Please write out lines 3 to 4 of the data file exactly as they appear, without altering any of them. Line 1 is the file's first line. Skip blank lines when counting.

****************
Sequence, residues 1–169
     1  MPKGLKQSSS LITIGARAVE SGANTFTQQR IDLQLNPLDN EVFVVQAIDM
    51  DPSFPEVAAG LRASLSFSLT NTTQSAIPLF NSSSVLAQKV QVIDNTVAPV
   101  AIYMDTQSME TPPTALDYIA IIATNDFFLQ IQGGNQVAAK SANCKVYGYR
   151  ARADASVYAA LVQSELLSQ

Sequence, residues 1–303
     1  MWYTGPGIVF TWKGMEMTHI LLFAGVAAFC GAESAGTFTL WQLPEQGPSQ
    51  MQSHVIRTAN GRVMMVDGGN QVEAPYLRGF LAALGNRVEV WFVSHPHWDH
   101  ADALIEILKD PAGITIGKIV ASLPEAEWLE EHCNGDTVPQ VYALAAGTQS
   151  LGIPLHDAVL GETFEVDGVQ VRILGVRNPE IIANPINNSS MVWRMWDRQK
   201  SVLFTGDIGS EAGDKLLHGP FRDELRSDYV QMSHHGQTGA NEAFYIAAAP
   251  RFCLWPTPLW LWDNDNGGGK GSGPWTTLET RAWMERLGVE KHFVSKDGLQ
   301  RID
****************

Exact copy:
    51  DPSFPEVAAG LRASLSFSLT NTTQSAIPLF NSSSVLAQKV QVIDNTVAPV
   101  AIYMDTQSME TPPTALDYIA IIATNDFFLQ IQGGNQVAAK SANCKVYGYR